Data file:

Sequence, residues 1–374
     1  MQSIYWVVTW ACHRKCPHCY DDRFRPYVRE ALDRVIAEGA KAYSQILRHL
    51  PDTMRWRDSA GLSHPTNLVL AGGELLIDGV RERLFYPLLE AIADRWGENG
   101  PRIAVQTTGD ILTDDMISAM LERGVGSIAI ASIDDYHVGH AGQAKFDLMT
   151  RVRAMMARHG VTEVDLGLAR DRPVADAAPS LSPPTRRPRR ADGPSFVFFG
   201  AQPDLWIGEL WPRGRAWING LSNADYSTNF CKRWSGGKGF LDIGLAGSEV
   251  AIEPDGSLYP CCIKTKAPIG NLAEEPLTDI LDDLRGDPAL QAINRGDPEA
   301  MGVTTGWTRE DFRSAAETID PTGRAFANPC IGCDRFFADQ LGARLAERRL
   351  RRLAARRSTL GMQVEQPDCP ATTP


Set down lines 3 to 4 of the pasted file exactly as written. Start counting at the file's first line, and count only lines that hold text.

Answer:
    51  PDTMRWRDSA GLSHPTNLVL AGGELLIDGV RERLFYPLLE AIADRWGENG
   101  PRIAVQTTGD ILTDDMISAM LERGVGSIAI ASIDDYHVGH AGQAKFDLMT